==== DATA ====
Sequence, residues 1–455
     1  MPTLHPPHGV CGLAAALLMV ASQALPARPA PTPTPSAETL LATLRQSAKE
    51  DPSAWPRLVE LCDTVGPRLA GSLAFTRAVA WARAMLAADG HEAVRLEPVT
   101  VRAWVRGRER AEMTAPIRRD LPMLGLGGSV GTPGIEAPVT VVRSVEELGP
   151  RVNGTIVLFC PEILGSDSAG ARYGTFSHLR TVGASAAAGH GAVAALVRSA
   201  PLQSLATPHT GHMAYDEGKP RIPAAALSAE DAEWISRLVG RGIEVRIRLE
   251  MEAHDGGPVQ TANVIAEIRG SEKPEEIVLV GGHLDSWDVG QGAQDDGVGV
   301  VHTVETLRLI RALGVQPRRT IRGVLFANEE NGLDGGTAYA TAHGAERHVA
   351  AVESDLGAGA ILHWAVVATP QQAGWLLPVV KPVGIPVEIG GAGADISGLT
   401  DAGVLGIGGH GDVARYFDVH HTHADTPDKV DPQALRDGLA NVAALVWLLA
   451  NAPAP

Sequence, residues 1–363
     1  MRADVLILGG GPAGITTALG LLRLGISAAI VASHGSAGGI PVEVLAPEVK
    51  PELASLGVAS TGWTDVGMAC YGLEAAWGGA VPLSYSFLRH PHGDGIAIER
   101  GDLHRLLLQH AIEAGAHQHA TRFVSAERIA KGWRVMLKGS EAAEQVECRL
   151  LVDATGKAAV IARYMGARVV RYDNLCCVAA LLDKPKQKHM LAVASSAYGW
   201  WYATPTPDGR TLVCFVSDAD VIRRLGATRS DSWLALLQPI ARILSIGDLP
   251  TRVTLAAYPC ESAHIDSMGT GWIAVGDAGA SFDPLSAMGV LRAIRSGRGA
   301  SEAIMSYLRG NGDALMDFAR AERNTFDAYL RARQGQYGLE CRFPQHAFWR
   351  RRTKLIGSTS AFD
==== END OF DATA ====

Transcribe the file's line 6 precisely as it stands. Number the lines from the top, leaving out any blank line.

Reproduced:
   201  PLQSLATPHT GHMAYDEGKP RIPAAALSAE DAEWISRLVG RGIEVRIRLE